5. Atmospheric Corrections for Altimetry Studies over Inland Water

    Directory of Open Access Journals (Sweden)

    M. Joana Fernandes

    2014-05-01

    Full Text Available Originally designed for applications over the ocean, satellite altimetry has been proven to be a useful tool for hydrologic studies. Altimeter products, mainly conceived for oceanographic studies, often fail to provide atmospheric corrections suitable for inland water studies. The focus of this paper is the analysis of the main issues related with the atmospheric corrections that need to be applied to the altimeter range to get precise water level heights. Using the corrections provided on the Radar Altimeter Database System, the main errors present in the dry and wet tropospheric corrections and in the ionospheric correction of the various satellites are reported. It has been shown that the model-based tropospheric corrections are not modeled properly and in a consistent way in the various altimetric products. While over the ocean, the dry tropospheric correction (DTC is one of the most precise range corrections, in some of the present altimeter products, it is the correction with the largest errors over continental water regions, causing large biases of several decimeters, and along-track interpolation errors up to several centimeters, both with small temporal variations. The wet tropospheric correction (WTC from the on-board microwave radiometers is hampered by the contamination on the radiometer measurements of the surrounding lands, making it usable only in the central parts of large lakes. In addition, the WTC from atmospheric models may also have large errors when it is provided at sea level instead of surface height. These errors cannot be corrected by the user, since no accurate expression exists for the height variation of the WTC. Alternative and accurate corrections can be computed from in situ data, e.g., DTC from surface pressure at barometric stations and WTC from Global Navigation Satellite System permanent stations. The latter approach is particularly favorable for small lakes and reservoirs, where GNSS-derived WTC at a single

  6. Correction factors for gravimetric measurement of peritumoural oedema in man.

    Science.gov (United States)

    Bell, B A; Smith, M A; Tocher, J L; Miller, J D

    1987-01-01

    The water content of samples of normal and oedematous brain in lobectomy specimens from 16 patients with cerebral tumours has been measured by gravimetry and by wet and dry weighing. Uncorrected gravimetry underestimated the water content of oedematous peritumoural cortex by a mean of 1.17%, and of oedematous peritumoural white matter by a mean of 2.52%. Gravimetric correction equations calculated theoretically and from an animal model of serum infusion white matter oedema overestimate peritumoural white matter oedema in man, and empirical gravimetric error correction factors for oedematous peritumoural human white matter and cortex have therefore been derived. These enable gravimetry to be used to accurately determine peritumoural oedema in man.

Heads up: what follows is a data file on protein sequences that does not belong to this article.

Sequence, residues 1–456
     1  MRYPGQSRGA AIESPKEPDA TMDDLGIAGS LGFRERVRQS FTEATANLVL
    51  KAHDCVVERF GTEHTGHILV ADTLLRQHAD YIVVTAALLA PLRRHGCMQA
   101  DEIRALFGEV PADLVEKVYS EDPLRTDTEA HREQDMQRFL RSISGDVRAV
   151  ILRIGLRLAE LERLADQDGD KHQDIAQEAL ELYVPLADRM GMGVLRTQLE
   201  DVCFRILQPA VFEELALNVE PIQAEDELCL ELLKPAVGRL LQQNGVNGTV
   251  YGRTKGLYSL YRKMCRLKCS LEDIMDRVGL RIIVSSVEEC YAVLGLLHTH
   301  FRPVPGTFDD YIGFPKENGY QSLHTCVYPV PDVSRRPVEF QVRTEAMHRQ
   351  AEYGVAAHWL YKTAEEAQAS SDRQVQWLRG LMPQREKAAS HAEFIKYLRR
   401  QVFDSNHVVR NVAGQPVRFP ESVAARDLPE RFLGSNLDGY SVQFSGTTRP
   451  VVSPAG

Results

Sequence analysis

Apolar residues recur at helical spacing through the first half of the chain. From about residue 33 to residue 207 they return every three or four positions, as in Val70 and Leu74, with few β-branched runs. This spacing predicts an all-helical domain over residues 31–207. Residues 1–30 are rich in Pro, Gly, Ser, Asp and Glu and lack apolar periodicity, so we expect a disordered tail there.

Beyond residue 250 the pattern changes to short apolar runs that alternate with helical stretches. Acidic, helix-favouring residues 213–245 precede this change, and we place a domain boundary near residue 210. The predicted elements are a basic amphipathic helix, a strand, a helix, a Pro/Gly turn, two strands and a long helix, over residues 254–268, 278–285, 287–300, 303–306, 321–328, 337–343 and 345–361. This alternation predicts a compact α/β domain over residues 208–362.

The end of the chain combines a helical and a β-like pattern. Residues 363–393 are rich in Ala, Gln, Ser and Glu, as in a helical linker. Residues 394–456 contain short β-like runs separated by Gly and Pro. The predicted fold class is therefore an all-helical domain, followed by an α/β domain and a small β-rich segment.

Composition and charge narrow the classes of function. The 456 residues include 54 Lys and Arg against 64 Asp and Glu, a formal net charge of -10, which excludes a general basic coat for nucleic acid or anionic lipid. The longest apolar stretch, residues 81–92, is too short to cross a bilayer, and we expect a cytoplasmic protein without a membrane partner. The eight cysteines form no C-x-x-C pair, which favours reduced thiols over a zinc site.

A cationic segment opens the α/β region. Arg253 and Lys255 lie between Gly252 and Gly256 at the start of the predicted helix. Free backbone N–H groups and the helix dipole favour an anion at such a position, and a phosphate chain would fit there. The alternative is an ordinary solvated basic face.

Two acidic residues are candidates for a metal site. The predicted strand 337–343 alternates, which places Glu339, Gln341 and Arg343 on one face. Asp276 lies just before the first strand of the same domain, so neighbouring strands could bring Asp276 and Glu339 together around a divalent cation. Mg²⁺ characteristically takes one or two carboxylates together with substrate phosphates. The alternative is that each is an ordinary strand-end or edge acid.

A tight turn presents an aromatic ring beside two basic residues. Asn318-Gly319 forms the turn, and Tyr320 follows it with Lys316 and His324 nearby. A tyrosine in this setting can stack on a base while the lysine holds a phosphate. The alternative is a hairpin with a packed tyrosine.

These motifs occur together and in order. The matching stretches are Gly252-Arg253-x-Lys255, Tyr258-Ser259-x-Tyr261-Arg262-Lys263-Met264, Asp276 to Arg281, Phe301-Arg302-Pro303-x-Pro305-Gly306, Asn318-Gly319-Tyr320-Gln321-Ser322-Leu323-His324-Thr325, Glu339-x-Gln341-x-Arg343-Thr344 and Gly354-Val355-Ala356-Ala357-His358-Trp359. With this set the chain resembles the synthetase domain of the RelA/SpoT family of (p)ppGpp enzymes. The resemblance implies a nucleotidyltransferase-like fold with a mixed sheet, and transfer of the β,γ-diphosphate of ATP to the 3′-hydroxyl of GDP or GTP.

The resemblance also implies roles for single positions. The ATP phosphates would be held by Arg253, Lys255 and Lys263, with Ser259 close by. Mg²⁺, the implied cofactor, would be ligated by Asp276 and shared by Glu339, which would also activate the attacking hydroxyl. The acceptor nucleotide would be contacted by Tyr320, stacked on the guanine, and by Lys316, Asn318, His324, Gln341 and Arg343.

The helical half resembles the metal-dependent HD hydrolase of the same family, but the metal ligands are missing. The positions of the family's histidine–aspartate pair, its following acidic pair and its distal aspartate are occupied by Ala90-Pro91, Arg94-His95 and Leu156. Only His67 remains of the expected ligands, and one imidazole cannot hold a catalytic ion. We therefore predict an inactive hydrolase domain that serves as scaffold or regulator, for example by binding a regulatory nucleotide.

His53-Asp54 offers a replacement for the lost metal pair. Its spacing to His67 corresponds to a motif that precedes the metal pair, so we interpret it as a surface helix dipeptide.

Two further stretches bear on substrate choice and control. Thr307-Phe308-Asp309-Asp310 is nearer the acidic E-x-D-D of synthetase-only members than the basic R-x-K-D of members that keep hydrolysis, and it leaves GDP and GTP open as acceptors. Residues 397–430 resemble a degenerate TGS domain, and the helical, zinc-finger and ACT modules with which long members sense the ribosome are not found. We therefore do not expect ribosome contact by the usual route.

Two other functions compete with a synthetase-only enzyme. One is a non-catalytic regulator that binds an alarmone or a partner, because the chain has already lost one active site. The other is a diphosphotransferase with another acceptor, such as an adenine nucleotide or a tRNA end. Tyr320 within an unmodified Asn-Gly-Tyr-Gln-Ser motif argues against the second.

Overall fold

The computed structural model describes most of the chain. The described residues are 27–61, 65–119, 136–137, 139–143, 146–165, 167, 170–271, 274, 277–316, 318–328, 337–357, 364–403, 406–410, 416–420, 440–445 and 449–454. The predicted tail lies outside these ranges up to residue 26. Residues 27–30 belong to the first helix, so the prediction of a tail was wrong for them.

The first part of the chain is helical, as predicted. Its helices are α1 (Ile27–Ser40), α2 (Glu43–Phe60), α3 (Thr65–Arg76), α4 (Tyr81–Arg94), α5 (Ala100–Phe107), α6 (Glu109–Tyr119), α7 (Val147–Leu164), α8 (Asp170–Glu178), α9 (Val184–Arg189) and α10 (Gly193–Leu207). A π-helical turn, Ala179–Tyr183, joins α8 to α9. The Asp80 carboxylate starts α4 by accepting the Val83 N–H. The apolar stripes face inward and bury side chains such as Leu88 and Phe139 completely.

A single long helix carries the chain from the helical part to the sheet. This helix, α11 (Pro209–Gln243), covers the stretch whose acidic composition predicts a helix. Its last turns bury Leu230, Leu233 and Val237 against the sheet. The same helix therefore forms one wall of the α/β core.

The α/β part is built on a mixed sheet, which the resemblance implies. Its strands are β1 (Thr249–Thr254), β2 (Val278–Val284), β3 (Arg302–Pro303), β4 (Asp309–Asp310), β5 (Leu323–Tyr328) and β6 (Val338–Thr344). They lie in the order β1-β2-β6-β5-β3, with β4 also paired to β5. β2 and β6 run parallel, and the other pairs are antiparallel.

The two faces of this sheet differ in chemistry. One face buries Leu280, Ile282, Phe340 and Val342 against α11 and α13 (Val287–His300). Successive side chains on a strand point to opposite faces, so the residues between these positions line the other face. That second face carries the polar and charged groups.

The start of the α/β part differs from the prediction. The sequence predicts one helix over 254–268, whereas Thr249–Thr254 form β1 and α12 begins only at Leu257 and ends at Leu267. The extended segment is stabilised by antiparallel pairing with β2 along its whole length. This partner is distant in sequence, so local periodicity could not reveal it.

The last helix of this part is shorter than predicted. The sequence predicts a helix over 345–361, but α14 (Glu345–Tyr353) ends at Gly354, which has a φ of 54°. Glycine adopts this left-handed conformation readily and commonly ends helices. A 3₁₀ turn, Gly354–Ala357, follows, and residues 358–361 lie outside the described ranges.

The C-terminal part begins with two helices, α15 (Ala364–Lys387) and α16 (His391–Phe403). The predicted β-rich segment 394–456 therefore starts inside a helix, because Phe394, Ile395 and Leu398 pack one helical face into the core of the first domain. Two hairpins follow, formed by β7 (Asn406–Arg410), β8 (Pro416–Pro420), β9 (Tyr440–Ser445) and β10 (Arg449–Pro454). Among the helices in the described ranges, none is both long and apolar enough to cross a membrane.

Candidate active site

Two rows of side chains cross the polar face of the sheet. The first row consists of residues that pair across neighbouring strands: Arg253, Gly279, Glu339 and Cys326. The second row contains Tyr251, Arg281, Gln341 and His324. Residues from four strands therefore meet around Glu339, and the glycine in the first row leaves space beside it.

7. Correct use of repeated measures analysis of variance.

    Science.gov (United States)

    Park, Eunsik; Cho, Meehye; Ki, Chang-Seok

    2009-02-01

    In biomedical research, researchers frequently use statistical procedures such as the t-test, standard analysis of variance (ANOVA), or the repeated measures ANOVA to compare means between the groups of interest. There are frequently some misuses in applying these procedures since the conditions of the experiments or statistical assumptions necessary to apply these procedures are not fully taken into consideration. In this paper, we demonstrate the correct use of repeated measures ANOVA to prevent or minimize ethical or scientific problems due to its misuse. We also describe the appropriate use of multiple comparison tests for follow-up analysis in repeated measures ANOVA. Finally, we demonstrate the use of repeated measures ANOVA by using real data and the statistical software package SPSS (SPSS Inc., USA).

  8. Does an instrumented treadmill correctly measure the ground reaction forces?

    Directory of Open Access Journals (Sweden)

    Patrick A. Willems

    2013-11-01